Political Prisoners in Calderon’s Mexico

Mexico City.

This past Christmas, family members of 26 political prisoners taken during brutal repression of militant farmers in San Salvador Atenco just outside Mexico City last spring, came up with an ingenious strategy to visit their loved ones in the Santiaguito prison where they have been held practically incommunicado for months. Taken advantage of a Mexico state prison custom that allows outsiders in to entertain the inmates during the holiday season by performing “pastorelas” or Christmas passion plays, the relatives of the prisoners presented themselves at the prison gates dressed as shepherds and wise men, the Virgin Mary, and the Devil himself–a typical pastorela story line involves the Devil trying to divert the Three Wise Men from bringing gifts to the Baby Jesus.

But the authorities at Santiaguito were ready for the relatives of the prisoners. The shepherds and the wise men and the devils were strip-searched. Wooden machetes, a symbol of the farmers’ struggle, which were to be used as props in an updated version of the pastorela, were confiscated. The Virgin Mary was forced to do “sentadillas”, squats so that jailhouse matrons could examine her body cavities for smuggled subversive materials.

At length the troupe was passed in and allowed to perform their pastorela for the inmates of Santiaguito, ending the show with a rousing chant of “Presos Politicos Libertad!” (Liberty for Political Prisoners!), a cry that is being heard all over Mexico these days.

The criminalization of social protest is filling the nation’s jails and prisons with political prisoners. 214 protestors were arrested in the crackdown at Atenco last May 3rd and 4th–all but 26 have been allowed to bail out but still face charges that could lock them up for years. Two young men were killed during the police actions, which involved thousands of state and federal police and appeared to be in retaliation for the farmers’ successful battle to fend off expropriation of their lands for the construction of a new multi-billion dollar international airport in 2002.

Another 140 citizens were beaten, gassed, and arrested in Oaxaca on November 25th by the Federal Preventative Police to break up the seven month-long occupation of the city’s old colonial center by the Oaxaca Popular Peoples’ Assembly (APPO) and striking teachers who have been demanding the removal of a tyrannical governor. 19 activists have been executed by Governor Ulises Ruiz’s death squads and 60 remain disappeared–human rights workers suspect that some are being held in secret state, federal, and military lock-ups.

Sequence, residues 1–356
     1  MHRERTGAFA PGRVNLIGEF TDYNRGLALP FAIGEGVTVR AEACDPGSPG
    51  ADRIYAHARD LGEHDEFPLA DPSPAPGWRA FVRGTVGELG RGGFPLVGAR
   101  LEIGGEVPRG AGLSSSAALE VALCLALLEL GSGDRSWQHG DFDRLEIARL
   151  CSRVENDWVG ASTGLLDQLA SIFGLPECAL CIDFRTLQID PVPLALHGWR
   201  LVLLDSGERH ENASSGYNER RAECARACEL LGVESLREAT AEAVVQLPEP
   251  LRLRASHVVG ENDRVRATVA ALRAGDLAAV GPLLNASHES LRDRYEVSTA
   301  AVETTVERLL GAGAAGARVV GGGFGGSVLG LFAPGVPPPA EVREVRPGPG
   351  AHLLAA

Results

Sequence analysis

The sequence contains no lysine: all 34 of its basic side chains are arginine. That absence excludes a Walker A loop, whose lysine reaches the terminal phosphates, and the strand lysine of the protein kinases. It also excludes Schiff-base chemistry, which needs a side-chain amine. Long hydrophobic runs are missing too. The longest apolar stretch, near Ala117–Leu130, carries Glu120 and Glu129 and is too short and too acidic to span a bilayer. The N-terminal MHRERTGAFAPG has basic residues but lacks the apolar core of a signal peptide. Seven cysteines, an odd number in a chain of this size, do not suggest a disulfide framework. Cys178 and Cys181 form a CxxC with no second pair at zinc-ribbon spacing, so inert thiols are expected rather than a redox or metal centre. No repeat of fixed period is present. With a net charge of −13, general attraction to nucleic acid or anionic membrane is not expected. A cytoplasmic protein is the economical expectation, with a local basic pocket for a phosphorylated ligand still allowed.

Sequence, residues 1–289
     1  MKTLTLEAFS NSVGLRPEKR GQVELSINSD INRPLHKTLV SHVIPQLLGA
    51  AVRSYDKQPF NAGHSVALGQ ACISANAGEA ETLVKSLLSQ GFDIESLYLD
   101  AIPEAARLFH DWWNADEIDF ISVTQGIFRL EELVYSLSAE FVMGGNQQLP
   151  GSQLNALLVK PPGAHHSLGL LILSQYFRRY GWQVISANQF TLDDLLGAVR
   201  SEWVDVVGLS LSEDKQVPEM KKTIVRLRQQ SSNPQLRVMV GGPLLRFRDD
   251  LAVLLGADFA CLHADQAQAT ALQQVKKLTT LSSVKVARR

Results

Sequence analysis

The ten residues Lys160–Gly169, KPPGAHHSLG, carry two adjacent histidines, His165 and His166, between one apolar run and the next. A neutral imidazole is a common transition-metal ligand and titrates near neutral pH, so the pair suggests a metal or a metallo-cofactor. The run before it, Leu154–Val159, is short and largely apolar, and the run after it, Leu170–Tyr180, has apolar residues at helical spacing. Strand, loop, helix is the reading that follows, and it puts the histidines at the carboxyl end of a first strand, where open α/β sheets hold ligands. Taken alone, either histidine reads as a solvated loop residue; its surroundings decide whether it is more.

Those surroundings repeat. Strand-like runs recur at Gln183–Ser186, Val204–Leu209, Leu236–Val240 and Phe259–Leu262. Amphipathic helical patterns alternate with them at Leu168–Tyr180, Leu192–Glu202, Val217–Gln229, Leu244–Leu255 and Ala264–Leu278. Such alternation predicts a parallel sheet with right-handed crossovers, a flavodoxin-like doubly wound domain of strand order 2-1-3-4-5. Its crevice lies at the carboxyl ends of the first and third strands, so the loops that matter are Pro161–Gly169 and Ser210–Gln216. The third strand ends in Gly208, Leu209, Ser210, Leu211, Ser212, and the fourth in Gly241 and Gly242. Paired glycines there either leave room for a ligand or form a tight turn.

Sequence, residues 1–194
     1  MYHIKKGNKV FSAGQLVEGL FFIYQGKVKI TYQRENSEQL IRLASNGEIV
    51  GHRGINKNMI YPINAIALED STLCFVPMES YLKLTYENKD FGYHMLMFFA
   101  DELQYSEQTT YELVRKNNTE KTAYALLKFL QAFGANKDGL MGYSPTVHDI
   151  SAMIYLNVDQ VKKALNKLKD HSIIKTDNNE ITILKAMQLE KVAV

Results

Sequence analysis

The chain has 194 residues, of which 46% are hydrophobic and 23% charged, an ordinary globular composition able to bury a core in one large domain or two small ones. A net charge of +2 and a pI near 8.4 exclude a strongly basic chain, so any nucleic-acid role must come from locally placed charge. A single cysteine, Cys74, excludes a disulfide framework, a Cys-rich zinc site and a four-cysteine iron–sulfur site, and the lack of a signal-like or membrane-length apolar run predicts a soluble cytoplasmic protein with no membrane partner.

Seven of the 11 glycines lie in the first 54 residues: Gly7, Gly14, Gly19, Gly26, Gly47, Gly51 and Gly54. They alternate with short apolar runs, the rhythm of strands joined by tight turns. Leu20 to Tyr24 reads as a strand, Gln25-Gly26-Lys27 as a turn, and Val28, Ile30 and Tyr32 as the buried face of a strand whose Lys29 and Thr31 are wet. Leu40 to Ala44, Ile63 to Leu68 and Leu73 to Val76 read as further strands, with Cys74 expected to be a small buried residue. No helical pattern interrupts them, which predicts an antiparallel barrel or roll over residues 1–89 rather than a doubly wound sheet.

Many of the prisoners taken November 25th just five days before the chaotic inauguration of Felipe Calderon whose election last July 2nd is questioned by many Mexicans, were hardly political. One mother was trapped outside a downtown pharmacy after she had bought medicine for a sick child, beaten, cuffed, and flown a thousand miles north to a Nayarit state prison–then Secretary of Public Security and now Attorney General Eduardo Medina Mora decreed that prisoners deemed to have “a dangerous profile” should be held out of state. A similar fate awaited a Oaxaca architect who had gone downtown to Xerox blueprints. A dozen juveniles were seized and jailed in adult prisons.

As at Atenco where police are accused of sexually abusing 23 women who were being transported to Santiaguito (seven claim they were raped), federal police sexually abused and taunted men and women captured November 25th–in testimony to the International Civil Observation Commission on Human Rights, a European NGO that spent a month investigating abuses in Oaxaca and interviewed over 400 witnesses to the repression, the mother of one young protestor testified that her son was sodomized by the cops. The Calderon government has refused to accept the findings of the Commission, which it insists has no bonafides.

Of the more than 200 prisoners taken in Oaxaca since May, 62 remain imprisoned. Dozens of activists and teachers were already locked up in Oaxaca jails prior to the mass arrests.

Among the most prominent political prisoners seized in the right-wing Calderon government’s rush to make social protest into a crime, is Ignacio Del Valle, the leader of the Popular Front to Defend the Land (FPDT) which spearheaded the “macheteros” movement of Atenco. Although he was arrested on the first day of the May confrontations, “Nacho” Del Valle is charged with an April “kidnapping”–during a meeting with state school officials who had threatened to walk out, Del Valle locked the door. The charge mandates imprisonment at a maximum-security prison and the Machetero leader is now housed at El Altiplano (formerly La Palma and Almaloya) where many of the nation’s toughest narco lords and organized crime figures are locked down.

Also jailed at El Altiplano is Flavio Sosa whom Calderon fingered for being the ringleader of the APPO protests, and who is charged with sedition, riot, and a variety of crimes allegedly committed during demonstrations at which Sosa was not even present. Sosa, who is being held with two brothers whose only apparent crime is to be named Sosa, is a former Oaxaca leader of the right-wing president’s leftist nemesis, the Party of the Democratic Revolution (PRD) whose candidate Andres Manuel Lopez Obrador probably beat Calderon in last July 2nd’s fraud-smeared elections. Sosa who was captured leaving a negotiating session with the new government in early December is considered Calderon’s first political prisoner.

The number of political prisoners being held in federal penitentiaries, CERESOS (social rehabilitation centers), state prisons, municipal jails, and secret lock-ups is unknown but clearly numbers in the hundreds. At least 90 of those taken at San Salvador Atenco and in Oaxaca remain behind bars. Another 100 have either disappeared in Oaxaca or were already imprisoned prior to the November 25th crackdown.

Dozens of other political prisoners have languished in jail for years. At least 35 accused members of the Popular Revolutionary Army (EPR), which rose in Guerrero and Oaxaca in 1996 including 16 Zapotec Indians who have been penned up at Oaxaca’s Santa Maria Ixcotel prison for ten years, remain incarcerated. Gloria Arenas (“Colonel Aurora”) and Jacobo Silva, accused of being leaders of an EPR split-off, the ERPI, are in the early years of 40-year sentences.